History Scripted As President Droupadi Murmu Assumes Office
It was a momentous day as Droupadi Murmu, hailing from the Santhal tribe of eastern India, took oath as the fifteenth President of India.
Context: Only the second woman after Pratibha Patil and the first tribal person to become the head of the Indian state, Droupadi Murmu was sworn in on 25 July 2022 by Chief Justice of India N V Ramana.
Protocols and conventions were visible all through the day.
President-elect Murmu offered her respects at the Rajghat early in the day.
Accompanied by outgoing President Ramnath Kovind, she was escorted to the Parliament by the horse-mounted President's bodyguards.
Later, Murmu and Kovind left the Parliament together, after which, as per convention, she accompanied Kovind to his new residence at Janpath.
For the swearing in, several dignitaries including former president Patil, Vice President M Venkaiah Naidu, Prime Minister Narendra Modi, Lok Sabha Speaker Om Birla, union ministers, governors, and other dignitaries were present.
Inspirational rise: President Murmu said that her election to the top constitutional post proves that in India the poor can not only dream but also fulfil their aspirations.
"Reaching this office is not my personal achievement but that of all the poor people in the country," Murmu said.
It is the power of India's democracy that a girl born in a poor tribal home could reach the top-most constitutional post, the President added.
She stressed on speeding up efforts to meet the expectations that the freedom fighters had from the citizens of independent India.
The civilisational significance of Droupadi Murmu reaching the highest office cannot be over-emphasised.
Murmu is the personification of an emancipatory process that is civilisational.
In societies around the world, forest-dwelling communities were considered as primitive and barbaric.
However, in India, they've always been recognised as venerable sources of natural knowledge. They have been considered sacred.
The Hindutva movement's goal to politically empower the poor, deprived, and the vanvasi community (forest-dwelling community) is not new.
It has always stood for integration and goodwill among the various sections of society, which today has resulted in Murmu reaching the Presidency in India.
Even during the Janata Party's government in 1977, the RSS's choice for the post of prime minister was Babu Jagjivan Ram.
In 2012, when the NDA was in opposition, their candidate for presidency was Purno Agitok Sangma.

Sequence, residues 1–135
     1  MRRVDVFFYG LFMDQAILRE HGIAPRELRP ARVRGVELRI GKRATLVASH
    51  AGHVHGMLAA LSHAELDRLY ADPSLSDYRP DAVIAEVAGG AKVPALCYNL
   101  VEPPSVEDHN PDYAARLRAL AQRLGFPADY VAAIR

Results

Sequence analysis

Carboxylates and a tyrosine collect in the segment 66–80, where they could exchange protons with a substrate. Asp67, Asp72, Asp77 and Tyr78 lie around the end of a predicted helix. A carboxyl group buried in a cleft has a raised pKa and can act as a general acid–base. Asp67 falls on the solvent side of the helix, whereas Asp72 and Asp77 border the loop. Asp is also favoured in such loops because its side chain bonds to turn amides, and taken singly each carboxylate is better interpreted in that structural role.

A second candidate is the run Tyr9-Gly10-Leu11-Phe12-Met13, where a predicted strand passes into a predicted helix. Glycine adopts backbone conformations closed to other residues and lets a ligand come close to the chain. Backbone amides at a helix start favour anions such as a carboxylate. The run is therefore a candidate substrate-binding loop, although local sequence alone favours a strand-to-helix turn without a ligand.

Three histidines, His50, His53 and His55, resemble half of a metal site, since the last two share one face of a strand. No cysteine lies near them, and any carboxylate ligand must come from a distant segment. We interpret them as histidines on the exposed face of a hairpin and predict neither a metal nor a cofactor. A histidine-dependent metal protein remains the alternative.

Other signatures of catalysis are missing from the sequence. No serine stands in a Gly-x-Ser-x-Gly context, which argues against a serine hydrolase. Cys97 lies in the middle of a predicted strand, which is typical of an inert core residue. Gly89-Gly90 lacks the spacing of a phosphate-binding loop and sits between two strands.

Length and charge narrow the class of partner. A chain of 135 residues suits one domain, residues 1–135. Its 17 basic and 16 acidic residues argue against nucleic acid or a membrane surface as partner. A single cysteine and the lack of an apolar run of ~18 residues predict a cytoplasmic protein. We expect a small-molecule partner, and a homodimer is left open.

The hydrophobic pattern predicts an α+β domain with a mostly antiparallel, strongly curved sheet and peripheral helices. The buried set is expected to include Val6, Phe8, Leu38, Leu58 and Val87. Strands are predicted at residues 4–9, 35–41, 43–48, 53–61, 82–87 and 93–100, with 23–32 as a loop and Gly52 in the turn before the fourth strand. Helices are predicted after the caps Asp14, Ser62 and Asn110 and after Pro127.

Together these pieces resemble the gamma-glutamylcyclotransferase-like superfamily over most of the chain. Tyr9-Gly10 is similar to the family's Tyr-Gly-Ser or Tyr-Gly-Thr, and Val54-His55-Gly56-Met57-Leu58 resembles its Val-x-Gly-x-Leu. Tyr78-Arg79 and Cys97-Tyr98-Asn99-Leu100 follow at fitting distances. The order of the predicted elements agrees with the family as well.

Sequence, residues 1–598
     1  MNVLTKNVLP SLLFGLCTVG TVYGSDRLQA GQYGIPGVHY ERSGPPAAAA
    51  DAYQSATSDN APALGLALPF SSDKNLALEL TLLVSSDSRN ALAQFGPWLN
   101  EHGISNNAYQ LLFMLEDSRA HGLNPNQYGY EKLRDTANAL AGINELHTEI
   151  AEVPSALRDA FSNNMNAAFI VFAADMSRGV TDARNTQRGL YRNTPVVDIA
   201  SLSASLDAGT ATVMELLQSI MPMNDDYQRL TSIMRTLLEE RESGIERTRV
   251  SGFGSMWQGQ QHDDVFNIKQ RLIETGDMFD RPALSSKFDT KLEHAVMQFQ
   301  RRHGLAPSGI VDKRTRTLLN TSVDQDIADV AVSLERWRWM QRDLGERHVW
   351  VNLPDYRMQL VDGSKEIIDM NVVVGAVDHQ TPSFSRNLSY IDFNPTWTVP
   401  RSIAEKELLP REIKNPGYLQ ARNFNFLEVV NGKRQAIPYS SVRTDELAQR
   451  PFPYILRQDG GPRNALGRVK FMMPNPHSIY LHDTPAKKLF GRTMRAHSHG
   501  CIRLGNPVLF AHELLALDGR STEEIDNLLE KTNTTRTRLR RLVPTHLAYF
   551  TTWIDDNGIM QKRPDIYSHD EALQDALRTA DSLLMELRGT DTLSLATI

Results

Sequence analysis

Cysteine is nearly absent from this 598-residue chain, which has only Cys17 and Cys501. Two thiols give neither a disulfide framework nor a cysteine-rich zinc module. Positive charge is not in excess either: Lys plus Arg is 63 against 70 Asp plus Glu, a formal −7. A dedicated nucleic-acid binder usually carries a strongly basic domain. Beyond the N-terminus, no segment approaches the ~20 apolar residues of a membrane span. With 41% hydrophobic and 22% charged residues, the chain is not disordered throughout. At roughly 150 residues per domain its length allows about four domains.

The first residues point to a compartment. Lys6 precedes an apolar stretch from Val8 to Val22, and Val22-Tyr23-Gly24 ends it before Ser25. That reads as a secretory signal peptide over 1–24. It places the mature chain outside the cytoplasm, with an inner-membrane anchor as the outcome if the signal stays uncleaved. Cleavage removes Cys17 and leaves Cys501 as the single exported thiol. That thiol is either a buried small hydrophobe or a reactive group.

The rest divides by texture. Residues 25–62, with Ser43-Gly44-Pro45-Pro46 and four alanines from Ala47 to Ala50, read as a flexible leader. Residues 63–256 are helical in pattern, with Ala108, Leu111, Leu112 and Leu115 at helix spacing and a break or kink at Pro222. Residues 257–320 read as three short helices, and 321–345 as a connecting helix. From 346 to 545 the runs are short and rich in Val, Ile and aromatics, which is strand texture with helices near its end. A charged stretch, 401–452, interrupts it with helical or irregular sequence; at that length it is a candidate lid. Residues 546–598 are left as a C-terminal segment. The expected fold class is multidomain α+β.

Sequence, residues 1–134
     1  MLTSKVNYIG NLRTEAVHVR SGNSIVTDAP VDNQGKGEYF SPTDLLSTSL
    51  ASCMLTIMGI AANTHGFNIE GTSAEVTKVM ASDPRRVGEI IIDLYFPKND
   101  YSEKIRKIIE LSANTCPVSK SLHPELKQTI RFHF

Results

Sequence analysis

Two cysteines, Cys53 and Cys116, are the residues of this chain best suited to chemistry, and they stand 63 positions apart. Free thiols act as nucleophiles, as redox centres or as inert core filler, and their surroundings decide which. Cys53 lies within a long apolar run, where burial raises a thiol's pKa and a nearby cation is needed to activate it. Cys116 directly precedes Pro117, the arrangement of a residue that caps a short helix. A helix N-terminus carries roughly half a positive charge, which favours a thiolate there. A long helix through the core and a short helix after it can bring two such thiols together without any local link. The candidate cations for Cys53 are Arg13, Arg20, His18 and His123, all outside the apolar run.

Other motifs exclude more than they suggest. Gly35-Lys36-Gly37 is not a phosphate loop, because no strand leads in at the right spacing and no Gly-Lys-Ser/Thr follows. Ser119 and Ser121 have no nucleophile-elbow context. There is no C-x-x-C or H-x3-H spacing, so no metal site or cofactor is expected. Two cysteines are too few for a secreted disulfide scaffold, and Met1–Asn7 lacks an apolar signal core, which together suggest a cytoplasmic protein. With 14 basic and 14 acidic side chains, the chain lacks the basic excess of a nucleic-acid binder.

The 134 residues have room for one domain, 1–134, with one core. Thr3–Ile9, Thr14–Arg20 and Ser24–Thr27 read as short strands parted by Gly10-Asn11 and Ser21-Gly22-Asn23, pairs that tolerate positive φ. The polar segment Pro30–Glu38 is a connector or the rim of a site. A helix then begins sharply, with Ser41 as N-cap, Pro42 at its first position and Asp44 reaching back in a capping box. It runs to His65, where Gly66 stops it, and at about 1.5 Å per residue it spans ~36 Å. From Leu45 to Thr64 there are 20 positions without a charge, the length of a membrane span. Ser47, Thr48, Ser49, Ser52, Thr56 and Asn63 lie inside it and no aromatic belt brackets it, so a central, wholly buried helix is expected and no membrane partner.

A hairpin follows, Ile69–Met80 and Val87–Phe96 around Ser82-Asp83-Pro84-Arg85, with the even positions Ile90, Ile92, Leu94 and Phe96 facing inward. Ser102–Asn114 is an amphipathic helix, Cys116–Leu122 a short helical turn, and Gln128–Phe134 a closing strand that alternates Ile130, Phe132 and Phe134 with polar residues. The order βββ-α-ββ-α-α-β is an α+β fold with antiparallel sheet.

Troubled history: Colonialism and evangelism brought in a narrative whereby vanvasis were categorised as Scheduled Tribes or 'adivasis', meaning aborigines.
During colonial times, this meant they were 'primitive people' and had to be civilised.
Getting 'Hinduised', according to colonial sociology, meant getting absorbed in the last rungs of the varna system or getting humiliated in the out-of-varna social space.
Common ground was achieved when both Gandhi and Savarkar emphasised that the tribal communities have always been a part and parcel of Hindu civilisation.
They form one of the core components of Dharma.
Gandhi insisted that tribal communities be reached out to on the basis of pan-Indian civilisational unity.
Collaboration: There have been instances where Savarkar and Gandhians collaborated in this regard.
Thakkar Baba (1869-1951): In 1943, the renowned Gandhian who had been working for tribal welfare came together with Veer Savarkar to create schools for tribal children.
‘Vanyogi’ Ramakant Keshav Deshpande (1913-1995) started the Vanvasi Kalyan Ashram (VKA) in 1952. The VKA has been constantly striving to bring together the forest and non-forest communities without compromising on social justice.
Damodar Ganesh Bapat (1935-2019), who started his social service life at the VKA, went on to dedicate his life to the eradication of leprosy in tribal areas.
History created: At a time when a dynamic woman leader belonging to the Scheduled Tribe of Odisha reaches Raisina Hill, the nation should start working towards bringing the benefits of government schemes to every tribal person.
Only then will the nation have succeeded in making the Azadi Ka Amrut Kaal effective for all Indians.
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